Monday, September 23, 2013

Land of the Burning Sands (The Griffin Mage: Book 2)


Gereint Enseichen of Casmantium knows little and cares less about the recent war in which his king tried to use griffins and fire to wrest territory from the neighboring country of Feierabiand...but he knows that his kingdom's unexpected defeat offers him a chance to escape from his own servitude.

But now that the griffins find themselves in a position of strength, they are not inclined to forgive and the entire kingdom finds itself in deadly peril. Willing or not, Gereint will find himself caught up in a desperate struggle between the griffins and the last remaining Casmantian mage. Even the strongest gifts of making and building may not prove sufficient when the fiery wind of the griffins begins to bury the life of Casmantium beneath the burning sands . . .

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Land of the Burning Sands (The Griffin Mage: Book 2) By Rachel Neumeier

| Genre: Epic Fantasy
| ISBN-10: 0316072796
| ISBN-13: 9780316072793
| Publisher: Orbit (June 1, 2010)
| Mass Market Paperback: 464 pages
| Cover Design: Lauren Panepinto
| Source: Personal Copy
| Read an Excerpt
| Rating: 3 Stars
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Land of the Burning Sands (Griffin Mage, #2)

♥ Mini Review ♥
Gereint is sentenced to the worse kind of slavery. Normally reserved for dangerous criminals, Gereint is controlled by a magical geas, one which compels him to obey his master's commands. But when he sees a chance to escape a cruel master, he takes it, only to find that the desert was not a good escape route after all.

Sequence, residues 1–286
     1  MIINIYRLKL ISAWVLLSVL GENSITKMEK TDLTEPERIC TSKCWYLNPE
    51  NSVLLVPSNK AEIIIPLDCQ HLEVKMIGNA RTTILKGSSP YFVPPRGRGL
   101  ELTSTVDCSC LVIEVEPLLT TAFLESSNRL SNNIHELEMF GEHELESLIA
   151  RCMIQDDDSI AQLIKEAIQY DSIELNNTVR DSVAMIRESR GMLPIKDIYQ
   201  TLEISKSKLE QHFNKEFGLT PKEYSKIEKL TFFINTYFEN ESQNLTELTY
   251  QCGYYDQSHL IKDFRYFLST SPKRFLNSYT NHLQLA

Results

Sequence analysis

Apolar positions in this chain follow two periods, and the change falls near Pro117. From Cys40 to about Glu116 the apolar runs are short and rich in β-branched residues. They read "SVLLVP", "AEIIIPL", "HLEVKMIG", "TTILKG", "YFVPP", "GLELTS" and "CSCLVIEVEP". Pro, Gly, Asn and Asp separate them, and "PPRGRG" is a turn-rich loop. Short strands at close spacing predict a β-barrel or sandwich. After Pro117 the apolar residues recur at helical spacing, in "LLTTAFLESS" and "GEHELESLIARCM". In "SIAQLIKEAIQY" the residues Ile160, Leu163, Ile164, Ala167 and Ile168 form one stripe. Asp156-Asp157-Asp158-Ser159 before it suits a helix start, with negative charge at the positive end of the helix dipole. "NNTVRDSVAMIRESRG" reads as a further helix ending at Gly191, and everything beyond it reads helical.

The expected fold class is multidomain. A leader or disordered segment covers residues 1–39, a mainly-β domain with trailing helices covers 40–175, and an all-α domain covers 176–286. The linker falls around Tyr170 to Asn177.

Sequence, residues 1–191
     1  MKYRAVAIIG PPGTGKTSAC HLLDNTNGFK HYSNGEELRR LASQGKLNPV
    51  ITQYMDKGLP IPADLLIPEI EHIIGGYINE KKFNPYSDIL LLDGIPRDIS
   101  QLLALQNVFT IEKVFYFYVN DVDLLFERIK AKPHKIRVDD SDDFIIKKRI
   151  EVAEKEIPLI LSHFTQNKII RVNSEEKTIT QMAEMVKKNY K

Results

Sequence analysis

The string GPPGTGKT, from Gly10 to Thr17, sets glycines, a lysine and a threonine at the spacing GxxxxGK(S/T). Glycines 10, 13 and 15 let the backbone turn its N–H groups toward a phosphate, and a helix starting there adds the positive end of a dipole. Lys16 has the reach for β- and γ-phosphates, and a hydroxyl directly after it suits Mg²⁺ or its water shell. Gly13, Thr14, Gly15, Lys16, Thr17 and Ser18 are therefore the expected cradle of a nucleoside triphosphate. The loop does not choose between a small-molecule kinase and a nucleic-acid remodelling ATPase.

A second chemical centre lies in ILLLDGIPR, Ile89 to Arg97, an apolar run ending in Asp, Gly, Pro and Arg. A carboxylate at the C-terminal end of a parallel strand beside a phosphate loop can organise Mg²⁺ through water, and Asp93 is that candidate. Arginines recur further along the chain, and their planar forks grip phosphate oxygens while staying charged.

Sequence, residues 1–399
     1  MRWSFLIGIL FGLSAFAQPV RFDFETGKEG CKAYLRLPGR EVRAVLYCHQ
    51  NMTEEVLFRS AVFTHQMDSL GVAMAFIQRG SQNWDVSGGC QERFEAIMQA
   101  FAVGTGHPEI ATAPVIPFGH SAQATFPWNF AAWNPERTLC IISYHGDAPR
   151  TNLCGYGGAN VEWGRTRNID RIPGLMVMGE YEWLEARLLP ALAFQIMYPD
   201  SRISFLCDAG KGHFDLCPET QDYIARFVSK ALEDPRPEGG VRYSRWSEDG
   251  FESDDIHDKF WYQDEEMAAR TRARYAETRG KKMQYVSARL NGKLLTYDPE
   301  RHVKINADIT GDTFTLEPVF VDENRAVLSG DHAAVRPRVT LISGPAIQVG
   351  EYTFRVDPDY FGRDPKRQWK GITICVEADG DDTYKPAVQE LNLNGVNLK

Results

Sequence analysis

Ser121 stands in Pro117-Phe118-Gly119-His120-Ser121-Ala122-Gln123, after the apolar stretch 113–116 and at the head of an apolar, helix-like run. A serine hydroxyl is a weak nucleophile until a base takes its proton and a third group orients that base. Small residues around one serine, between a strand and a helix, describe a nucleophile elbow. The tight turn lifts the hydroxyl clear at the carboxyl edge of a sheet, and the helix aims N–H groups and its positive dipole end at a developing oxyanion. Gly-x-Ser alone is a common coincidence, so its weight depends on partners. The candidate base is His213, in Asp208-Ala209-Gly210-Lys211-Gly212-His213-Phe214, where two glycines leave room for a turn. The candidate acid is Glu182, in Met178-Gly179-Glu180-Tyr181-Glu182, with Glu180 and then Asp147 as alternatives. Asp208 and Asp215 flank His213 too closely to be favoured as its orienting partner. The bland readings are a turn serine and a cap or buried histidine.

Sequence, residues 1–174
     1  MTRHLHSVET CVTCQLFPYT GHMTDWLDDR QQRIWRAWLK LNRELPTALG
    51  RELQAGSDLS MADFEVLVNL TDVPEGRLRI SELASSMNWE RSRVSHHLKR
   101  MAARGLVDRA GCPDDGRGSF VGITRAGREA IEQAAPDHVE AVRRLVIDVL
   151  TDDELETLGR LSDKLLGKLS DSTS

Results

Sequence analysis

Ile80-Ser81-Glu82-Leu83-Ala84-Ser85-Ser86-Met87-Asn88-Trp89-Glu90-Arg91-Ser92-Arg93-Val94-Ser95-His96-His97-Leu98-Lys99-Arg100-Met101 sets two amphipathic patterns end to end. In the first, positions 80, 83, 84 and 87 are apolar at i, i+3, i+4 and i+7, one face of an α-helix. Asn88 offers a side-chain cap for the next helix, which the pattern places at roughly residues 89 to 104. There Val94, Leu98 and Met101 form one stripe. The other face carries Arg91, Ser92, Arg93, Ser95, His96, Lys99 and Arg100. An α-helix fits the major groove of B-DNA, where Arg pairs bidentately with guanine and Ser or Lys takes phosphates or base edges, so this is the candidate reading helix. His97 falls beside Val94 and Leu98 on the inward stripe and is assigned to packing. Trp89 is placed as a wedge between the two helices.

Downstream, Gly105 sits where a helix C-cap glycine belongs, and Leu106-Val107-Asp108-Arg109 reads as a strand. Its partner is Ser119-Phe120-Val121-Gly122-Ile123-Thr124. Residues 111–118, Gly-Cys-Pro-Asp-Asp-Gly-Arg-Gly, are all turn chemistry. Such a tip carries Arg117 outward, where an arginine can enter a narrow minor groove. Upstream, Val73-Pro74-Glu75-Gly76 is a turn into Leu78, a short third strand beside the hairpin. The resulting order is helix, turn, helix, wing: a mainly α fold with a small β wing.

Fantasy Series Book Review by Mulluane

♦ My Thoughts. If you read my first review you may have noticed that I all but crowed over the fact that it read like a standalone. Well imagine my partial delight in the fact that this is a completely different, only marginally related story, which again, stands on its own. (We will get to the partial part later.) Not only is it a different story but it takes place in a different country. It was a bit disconcerting but it probably should not have been. Afterall book one was complete. Only because I am so used to trilogy storylines continuing through all three books was I caught off guard.

♦ Why my delight was only partial. I liked Gereint and his story for the most part. There were times when I questioned why he made the choices he did but overall he was interesting and fit the reluctant hero mold. I also got to meet a few other new characters along the way, plus learned more about the gifts and magic systems unique to Casmantium. My problem was that I missed my majestically fierce griffins. Oh they play a role, eventually, but not from an up close and personal point of view like in book one. Kes too was conspicuously missing from the story except from a distance.

♦ But this is why I write reviews. In a way I am a bit handicapped by the fact that I absolutely refuse to read reviews of anything I plan to review myself. As a result I missed out on the warning I am attempting to give you now. Do not expect to revisit Kes, the griffins, the fiery desert (except briefly) or the country of Feierabiand. Instead expect to explore entirely new territory as experienced mostly through the stories of entirely new characters. There are a few reappearances of characters from book one but they play supporting roles with the main focus being on the new folks.